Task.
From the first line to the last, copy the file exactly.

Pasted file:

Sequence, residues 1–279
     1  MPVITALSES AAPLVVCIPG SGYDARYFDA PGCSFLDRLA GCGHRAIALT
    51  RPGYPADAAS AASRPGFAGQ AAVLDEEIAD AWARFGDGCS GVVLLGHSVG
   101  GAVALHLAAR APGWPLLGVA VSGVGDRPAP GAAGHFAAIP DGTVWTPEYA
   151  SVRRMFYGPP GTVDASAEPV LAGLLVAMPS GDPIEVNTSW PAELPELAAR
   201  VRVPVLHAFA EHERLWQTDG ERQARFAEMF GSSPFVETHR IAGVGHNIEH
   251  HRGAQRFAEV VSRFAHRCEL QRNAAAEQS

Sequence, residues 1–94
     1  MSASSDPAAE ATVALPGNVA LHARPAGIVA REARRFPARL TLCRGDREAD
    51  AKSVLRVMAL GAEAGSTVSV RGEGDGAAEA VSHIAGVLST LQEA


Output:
Sequence, residues 1–279
     1  MPVITALSES AAPLVVCIPG SGYDARYFDA PGCSFLDRLA GCGHRAIALT
    51  RPGYPADAAS AASRPGFAGQ AAVLDEEIAD AWARFGDGCS GVVLLGHSVG
   101  GAVALHLAAR APGWPLLGVA VSGVGDRPAP GAAGHFAAIP DGTVWTPEYA
   151  SVRRMFYGPP GTVDASAEPV LAGLLVAMPS GDPIEVNTSW PAELPELAAR
   201  VRVPVLHAFA EHERLWQTDG ERQARFAEMF GSSPFVETHR IAGVGHNIEH
   251  HRGAQRFAEV VSRFAHRCEL QRNAAAEQS

Sequence, residues 1–94
     1  MSASSDPAAE ATVALPGNVA LHARPAGIVA REARRFPARL TLCRGDREAD
    51  AKSVLRVMAL GAEAGSTVSV RGEGDGAAEA VSHIAGVLST LQEA